In accordance with the component ratios shown in Table 1 and Table 2, a resin composition obtained by mixing in a tumbler 100 parts by weight of polyethylene terephthalate "TGS83A" (trade name) produced by Mitsubishi Chemical Corporation η!=0.80 with 1 to 120 parts by weight of the modified olefin based resin (obtained in the above Referential Example 1) and 0.5 to 15 parts by weight of a low molecular weight polyethylene resin "SUNWAX 161P" (trade name; weight mean average molecular weight: 5,000) produced by Sanyo Chemical Industries, Ltd. was kneaded in a molten state in a twin-screw extruder (manufactured by The Japan Steel Works, Ltd.) at a temperature of 280° C., a screw revolution number of 250 rpm and a discharge rate of 20 kg/hour. At the midway of the cylinder of the extruder (along the extrusion direction), 0.5 to 15 parts by weight of a di-glycidyl ether of bisphenol A "EPICOAT 828" (epoxy equivalent: 184 g/eq) produced by Yuka Shell Epoxy Kabushiki Kaisha controlled at 70° C. was added to the resin composition using a pump. The molten composition so obtained was extruded from a die in the form of a strand, followed by cooling to 30° to 40° C. and then cutting, whereby pellets were obtained.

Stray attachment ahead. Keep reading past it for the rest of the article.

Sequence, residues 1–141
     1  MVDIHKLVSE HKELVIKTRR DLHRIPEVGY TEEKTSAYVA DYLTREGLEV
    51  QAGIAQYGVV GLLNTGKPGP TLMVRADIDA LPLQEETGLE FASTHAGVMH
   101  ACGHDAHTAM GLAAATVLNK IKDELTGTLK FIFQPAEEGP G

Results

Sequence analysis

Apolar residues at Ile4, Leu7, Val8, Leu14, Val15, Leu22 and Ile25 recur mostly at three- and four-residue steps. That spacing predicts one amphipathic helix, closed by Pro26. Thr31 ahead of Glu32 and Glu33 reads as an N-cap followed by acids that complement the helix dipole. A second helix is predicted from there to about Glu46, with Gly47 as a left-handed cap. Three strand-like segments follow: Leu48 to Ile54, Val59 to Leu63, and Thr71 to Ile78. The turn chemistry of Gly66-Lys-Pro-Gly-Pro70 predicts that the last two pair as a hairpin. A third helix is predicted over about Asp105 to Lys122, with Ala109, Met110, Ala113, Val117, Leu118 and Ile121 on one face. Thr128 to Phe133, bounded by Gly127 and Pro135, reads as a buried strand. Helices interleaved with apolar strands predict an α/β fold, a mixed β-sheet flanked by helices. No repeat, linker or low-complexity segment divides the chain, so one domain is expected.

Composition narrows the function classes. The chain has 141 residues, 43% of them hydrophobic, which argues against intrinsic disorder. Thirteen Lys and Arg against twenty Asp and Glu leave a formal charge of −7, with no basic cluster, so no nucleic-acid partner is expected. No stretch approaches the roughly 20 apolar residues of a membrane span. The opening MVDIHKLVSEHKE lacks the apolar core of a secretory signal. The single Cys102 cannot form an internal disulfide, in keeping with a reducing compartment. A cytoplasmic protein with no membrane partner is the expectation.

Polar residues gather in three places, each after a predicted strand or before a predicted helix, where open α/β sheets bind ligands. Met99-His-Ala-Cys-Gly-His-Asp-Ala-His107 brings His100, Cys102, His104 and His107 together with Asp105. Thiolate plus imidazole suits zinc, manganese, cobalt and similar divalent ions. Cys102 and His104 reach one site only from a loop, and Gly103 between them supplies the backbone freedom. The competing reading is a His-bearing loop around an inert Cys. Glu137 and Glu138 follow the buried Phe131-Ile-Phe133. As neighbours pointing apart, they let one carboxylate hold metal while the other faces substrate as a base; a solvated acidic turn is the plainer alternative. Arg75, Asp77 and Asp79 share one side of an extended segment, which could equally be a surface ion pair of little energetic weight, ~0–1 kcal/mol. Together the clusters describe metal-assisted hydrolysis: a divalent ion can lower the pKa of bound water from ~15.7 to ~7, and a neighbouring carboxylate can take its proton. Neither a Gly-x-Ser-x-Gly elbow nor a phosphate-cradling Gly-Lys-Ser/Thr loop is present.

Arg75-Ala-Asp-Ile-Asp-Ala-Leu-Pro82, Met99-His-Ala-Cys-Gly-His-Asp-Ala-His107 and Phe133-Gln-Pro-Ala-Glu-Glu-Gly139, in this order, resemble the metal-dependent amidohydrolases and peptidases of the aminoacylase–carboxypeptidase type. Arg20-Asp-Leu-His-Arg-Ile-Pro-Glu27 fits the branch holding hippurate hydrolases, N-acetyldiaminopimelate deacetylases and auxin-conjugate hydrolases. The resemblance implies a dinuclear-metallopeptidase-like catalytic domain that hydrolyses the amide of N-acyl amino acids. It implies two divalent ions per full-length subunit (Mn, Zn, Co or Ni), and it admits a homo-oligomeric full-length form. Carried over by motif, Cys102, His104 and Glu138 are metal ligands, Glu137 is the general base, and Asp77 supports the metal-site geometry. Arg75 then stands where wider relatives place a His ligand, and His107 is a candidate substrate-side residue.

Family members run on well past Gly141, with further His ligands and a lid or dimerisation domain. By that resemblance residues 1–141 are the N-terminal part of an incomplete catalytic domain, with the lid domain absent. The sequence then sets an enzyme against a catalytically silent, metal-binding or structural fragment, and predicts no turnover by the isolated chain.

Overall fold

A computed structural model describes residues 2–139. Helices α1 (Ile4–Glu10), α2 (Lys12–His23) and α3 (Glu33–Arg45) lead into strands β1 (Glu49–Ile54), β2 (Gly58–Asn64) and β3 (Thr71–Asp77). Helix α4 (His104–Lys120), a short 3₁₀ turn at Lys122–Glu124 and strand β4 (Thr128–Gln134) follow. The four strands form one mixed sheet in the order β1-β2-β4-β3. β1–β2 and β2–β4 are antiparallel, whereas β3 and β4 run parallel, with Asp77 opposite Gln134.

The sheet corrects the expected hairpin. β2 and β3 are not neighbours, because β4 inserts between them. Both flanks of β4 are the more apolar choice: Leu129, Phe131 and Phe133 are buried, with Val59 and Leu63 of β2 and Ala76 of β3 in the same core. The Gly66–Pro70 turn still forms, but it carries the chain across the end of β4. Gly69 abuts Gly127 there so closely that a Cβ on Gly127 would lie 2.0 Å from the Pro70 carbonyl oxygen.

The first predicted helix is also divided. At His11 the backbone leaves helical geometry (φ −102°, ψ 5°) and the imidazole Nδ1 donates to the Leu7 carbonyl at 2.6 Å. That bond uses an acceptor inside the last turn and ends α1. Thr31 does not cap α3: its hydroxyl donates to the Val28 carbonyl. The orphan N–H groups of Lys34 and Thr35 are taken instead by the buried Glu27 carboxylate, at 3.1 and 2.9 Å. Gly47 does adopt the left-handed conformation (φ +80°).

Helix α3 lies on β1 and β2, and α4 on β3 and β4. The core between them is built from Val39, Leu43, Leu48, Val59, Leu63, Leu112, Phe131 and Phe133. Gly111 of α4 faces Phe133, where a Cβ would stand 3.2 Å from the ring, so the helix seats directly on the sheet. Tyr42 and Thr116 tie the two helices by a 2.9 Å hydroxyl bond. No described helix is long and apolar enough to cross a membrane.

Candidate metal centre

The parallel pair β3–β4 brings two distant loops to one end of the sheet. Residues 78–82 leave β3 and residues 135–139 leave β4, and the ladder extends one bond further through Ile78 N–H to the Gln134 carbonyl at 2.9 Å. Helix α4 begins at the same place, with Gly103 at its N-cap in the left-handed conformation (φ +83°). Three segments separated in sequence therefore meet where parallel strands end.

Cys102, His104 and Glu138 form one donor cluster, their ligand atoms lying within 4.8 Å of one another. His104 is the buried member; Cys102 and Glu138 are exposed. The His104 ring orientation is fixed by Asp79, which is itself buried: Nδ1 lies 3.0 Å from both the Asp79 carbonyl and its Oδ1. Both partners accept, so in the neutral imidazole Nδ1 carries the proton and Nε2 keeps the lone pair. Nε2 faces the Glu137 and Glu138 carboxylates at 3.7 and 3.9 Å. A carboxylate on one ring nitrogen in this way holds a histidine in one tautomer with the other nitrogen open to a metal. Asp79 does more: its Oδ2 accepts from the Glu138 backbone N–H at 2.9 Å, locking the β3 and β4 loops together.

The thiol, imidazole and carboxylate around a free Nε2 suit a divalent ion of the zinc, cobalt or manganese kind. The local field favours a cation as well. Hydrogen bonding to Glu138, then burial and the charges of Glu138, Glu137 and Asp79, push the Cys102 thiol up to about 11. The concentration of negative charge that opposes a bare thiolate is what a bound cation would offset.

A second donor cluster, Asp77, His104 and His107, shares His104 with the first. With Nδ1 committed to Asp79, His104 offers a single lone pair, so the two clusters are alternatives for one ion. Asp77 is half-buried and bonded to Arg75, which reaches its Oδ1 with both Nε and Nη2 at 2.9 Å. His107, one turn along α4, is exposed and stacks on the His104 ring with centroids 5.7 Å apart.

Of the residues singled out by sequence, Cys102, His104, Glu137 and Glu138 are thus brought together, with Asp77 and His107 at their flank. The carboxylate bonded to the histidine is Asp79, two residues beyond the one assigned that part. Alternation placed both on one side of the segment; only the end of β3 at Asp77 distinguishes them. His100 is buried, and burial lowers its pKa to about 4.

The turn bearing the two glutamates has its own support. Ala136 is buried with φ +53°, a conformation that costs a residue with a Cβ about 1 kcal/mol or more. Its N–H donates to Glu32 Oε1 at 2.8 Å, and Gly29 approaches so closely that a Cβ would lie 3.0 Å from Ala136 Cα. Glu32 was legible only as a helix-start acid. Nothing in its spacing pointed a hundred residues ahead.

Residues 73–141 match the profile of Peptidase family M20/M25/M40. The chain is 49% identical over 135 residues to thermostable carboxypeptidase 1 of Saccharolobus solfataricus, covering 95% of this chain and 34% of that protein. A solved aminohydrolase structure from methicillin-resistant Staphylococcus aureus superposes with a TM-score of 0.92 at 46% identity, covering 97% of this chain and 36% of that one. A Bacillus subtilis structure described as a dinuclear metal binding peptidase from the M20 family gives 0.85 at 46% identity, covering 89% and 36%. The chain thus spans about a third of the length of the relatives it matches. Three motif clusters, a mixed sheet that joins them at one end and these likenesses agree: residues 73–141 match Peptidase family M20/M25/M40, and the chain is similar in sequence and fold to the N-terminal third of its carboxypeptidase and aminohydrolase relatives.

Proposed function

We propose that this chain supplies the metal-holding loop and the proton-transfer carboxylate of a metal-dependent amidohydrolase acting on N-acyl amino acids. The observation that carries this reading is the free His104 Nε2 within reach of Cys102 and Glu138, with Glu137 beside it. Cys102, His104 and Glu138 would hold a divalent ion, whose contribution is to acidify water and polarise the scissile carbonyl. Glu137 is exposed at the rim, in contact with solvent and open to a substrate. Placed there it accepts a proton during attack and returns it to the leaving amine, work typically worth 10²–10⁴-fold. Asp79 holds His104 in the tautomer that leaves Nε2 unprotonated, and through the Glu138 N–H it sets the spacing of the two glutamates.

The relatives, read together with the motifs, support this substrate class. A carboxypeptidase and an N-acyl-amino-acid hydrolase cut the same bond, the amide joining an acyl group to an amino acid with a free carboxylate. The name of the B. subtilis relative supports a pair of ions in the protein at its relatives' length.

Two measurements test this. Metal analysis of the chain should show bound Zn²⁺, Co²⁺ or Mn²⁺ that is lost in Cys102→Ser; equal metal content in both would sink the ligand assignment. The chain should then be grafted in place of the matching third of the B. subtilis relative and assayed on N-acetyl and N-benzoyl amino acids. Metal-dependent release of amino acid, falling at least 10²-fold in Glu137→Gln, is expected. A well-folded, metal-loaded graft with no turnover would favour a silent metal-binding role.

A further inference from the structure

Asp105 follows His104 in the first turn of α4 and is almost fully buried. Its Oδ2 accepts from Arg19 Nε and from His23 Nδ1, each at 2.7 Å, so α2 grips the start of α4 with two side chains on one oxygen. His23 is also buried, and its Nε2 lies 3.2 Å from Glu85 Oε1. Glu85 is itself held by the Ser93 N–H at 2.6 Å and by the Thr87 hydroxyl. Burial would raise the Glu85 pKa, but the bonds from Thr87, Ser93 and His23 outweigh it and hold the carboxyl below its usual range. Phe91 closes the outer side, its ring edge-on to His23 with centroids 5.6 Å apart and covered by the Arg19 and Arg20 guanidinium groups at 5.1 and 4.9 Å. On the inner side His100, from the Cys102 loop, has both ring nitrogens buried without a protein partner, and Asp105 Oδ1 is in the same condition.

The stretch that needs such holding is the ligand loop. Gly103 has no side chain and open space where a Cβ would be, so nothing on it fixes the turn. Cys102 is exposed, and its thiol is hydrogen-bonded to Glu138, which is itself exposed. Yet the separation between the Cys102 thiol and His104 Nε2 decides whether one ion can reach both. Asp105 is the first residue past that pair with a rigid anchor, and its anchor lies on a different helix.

After the pellets so obtained were kneaded in the molten state using a single screw extruder (The Japan Steel Works, Ltd.) at 280° C., the kneaded composition was extruded from a die in the form of a sheet. Immediately after extrusion, the sheet was cooled to a temperature of 80° C., whereby a sheet 1.5 mm in thickness was obtained.
The sheet so obtained was cut into a piece of a size of 120 mm by 120 mm, whereby test pieces were prepared.